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Dead Reckoning doesn’t hit the same high marks as the last two installments, but it’s still a mission worth accepting.

The Ol’ Mask Trick

Grace and Ethan go for a joy ride in Rome
Grace and Ethan go for a joy ride in Rome

When Tom Cruise and writer-director Christopher McQuarrie — longtime collaborators on movies including Valkyrie and Edge of Tomorrow — paired as star and director for Rogue Nation, all the planets finally came into alignment for the Mission: Impossible series. Enough with the “stunt hiring” of directors like Brian De Palma, John Woo, J.J. Abrams and Brad Bird. It was time to get serious with the series’ fifth installment.

Rogue Nation and Fallout were in and of themselves seemingly impossible missions. They took the Cruise-led movie series, already pushing into its third decade, and lifted it up a couple levels, finally giving the series an identity of its own. They did it in part by acknowledging the weaknesses of the series to that point and carving out a new path for Ethan Hunt and his devoted friends. They did it by poking fun at some of the series’ tropes, most notably the masks.

In Rogue Nation, masks were largely shunned. A humorous scene involving a proposed mask strategy shows Benji Dunn (Simon Pegg) meeting an unceremonious demise because the longtime reliable trick wouldn’t pass muster with a particularly savvy security system. But, still, there was one well-placed mask. Pull it off and move on. Fine.

In Fallout, an early scene with Wolf Blitzer had fun with the masks and then the movie sped into a terrific adventure.

Unfortunately, it’s time for the masks to have their revenge in Dead Reckoning as the go-to narrative cheat dating back to the 1960s once again plays a crucial role in the story. Over and over again. Thankfully, after all those masks, Benji’s portable mask-making device goes on the blink; hopefully Part Two will return to more innovative narrative tricks.

Hunt (Ethan Hunt) for Red October

Amid the old-school masks and high-tech gadgetry, the story in Dead Reckoning is given a slightly heavy-handed treatment with characters on all sides being seduced by the power of a cruciform key. At times, the key takes on the aura of the Infinity Gauntlet from the Avengers series; it’s a key to enormous — seemingly indefinable — power and it leaves some transfixed with its potential to unlock world domination.

The key, as a safeguard, is a two-piece device with an uncertain provenance that needs to be assembled to unlock the mystery and its godlike power. Throw in master pickpockets, a fight on top of a speeding train (including the requisite tunnels, signal posts and a blown bridge), deciphering puzzles, a wildly adventurous spirit and a generous sense of humor, and the similarities to Indiana Jones and the Dial of Destiny are pretty startling.

But as the series marches toward what is intended to be its finale in Part Two, McQuarrie and his co-writer, Erik Jendresen (who’s new to the series), bring some new and not entirely attractive tics to the story. There are a lot of cocked heads and locked jaws; plenty of conversations revolving around trying to outguess a digital parasite dubbed The Entity, an artificial intelligence that’s quickly advancing its skills while on a collision course with humanity’s demise. It’s a movie move that attempts to harness the zeitgeist, but it doesn’t quite reach the level of gravitas everyone involved is going for. In a theory posited in Part One, The Entity can only be contained by finding and restoring its original source code. Or something like that; it’s likely a plot point to evolve in Part Two (scheduled for release in June 2024).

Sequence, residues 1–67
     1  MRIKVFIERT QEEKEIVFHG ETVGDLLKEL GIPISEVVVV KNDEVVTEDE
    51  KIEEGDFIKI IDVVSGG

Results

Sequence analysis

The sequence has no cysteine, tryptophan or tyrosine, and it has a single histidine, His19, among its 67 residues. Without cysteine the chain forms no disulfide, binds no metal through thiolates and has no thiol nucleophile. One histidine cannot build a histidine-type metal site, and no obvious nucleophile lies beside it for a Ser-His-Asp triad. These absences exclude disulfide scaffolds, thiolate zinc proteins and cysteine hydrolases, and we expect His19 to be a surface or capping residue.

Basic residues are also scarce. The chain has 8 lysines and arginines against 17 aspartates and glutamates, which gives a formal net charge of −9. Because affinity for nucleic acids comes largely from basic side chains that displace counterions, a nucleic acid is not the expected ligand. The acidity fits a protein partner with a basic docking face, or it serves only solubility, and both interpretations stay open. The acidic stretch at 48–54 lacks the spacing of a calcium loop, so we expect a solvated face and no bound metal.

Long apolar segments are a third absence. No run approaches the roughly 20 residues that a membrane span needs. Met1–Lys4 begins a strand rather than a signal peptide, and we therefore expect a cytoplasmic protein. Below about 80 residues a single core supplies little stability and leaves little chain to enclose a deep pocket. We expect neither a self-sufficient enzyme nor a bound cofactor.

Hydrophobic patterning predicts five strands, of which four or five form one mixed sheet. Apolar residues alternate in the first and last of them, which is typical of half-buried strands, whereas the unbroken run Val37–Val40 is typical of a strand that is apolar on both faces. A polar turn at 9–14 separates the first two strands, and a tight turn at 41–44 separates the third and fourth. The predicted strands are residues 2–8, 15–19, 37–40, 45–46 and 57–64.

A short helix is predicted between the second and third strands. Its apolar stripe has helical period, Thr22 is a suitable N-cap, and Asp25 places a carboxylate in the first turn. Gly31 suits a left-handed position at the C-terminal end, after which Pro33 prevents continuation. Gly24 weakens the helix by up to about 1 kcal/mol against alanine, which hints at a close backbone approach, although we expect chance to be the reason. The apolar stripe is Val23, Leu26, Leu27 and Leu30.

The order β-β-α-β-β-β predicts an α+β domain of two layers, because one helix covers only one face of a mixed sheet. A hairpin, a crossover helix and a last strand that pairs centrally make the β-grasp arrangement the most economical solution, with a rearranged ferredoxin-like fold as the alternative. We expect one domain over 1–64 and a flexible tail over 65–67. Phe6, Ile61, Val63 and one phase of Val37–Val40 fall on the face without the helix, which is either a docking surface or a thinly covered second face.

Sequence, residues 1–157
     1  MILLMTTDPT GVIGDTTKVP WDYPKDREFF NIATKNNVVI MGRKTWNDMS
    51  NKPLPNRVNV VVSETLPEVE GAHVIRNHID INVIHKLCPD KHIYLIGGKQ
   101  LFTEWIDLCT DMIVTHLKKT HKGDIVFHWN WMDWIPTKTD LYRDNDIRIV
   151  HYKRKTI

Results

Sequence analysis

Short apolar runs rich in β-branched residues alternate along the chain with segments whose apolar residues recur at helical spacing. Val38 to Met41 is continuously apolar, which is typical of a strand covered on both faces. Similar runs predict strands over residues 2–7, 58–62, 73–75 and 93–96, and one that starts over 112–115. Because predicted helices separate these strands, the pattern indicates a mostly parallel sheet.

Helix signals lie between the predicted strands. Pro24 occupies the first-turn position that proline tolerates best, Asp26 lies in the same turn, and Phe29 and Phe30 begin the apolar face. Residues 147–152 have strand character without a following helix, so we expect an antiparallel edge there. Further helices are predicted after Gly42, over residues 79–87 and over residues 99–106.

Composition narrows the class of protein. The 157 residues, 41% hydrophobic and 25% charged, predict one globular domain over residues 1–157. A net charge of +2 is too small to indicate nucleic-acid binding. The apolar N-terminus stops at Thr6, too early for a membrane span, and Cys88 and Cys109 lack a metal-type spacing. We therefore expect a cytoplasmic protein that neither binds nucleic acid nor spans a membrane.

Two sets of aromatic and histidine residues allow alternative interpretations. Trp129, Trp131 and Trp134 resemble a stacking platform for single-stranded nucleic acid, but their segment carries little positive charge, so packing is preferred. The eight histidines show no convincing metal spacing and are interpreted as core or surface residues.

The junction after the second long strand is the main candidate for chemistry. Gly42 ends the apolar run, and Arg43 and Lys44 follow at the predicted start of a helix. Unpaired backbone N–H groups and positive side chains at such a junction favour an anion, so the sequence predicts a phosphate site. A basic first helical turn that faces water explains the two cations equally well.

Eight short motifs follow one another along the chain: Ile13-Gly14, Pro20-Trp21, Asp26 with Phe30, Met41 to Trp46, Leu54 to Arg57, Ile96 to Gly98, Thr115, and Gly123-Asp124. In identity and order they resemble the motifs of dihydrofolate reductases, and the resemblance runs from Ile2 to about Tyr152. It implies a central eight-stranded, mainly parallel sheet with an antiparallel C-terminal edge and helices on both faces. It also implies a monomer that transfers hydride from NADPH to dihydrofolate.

The clackity-clack of people typing away while working on code doesn’t make for terrific action, so the story sends Luther Stickell (Ving Rhames) off to do his thing while the rest of Ethan Hunt’s Impossible Mission Force focuses on that key, the sordid world of spies, geopolitics and untrustworthy intelligence officials. Somehow, despite the stumbles, McQuarrie manages to pull it all off with a 163-minute movie that moves like gangbusters, all the while accompanied by a great, propulsive score from Lorne Balfe.

The Big Jump

Paris (Pom Klementieff)
Paris (Pom Klementieff)

To this point, the Cruise-McQuarrie modus operandi has involved crisp storytelling, smart ideas, novel stunts and engaging character relationships. And they push the limits of live, on-set stunt work and action filmmaking that puts them in the top tier of filmmakers who prefer the real to the digital, including Christopher Nolan and George Miller.

With that in mind, perhaps the biggest surprise (without veering into spoiler territory) with Dead Reckoning involves the “big jump.” It’s the much-publicized stunt in which megastar and daredevil Tom Cruise drives himself right off a cliff. What’s unexpected is that remarkably risky scene is all part of what can best be described as a really elaborate joke very much on par with Indy Jones. Ethan keeps saying, “I need to get away from this mountain!” To which Benji puts Ethan in his place by stating, “I need you to step back and pull yourself together. I’m under a lot of pressure right now!” The setup is an unexpected turn (literally and figuratively) and the execution ends with a wild, unexpected sight gag.

It works, for the most part.

But that big jump is followed by something better. It’s a truly classic sequence in which Ethan and a new spy in the mix, Grace (Hayley Atwell), escape the Orient Express as one train car after another rolls off a cliff, disengaging from the rest of the train and crashing into the river below. Ethan and Grace move from one car to the next as they narrowly escape death time and time again. It’s great stuff; it’s summertime, kitchen-sink adventure material (again, literally; one of the cars is the kitchen car) that will go down as one of the series’ hallmark set pieces.